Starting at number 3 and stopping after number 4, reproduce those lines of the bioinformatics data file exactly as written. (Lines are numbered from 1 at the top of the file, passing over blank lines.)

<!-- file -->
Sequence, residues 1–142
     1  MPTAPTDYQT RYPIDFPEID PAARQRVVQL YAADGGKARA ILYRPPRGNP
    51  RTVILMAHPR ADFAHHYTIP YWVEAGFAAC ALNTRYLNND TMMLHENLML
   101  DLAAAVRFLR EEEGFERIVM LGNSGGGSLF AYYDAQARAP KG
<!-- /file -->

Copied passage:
    51  RTVILMAHPR ADFAHHYTIP YWVEAGFAAC ALNTRYLNND TMMLHENLML
   101  DLAAAVRFLR EEEGFERIVM LGNSGGGSLF AYYDAQARAP KG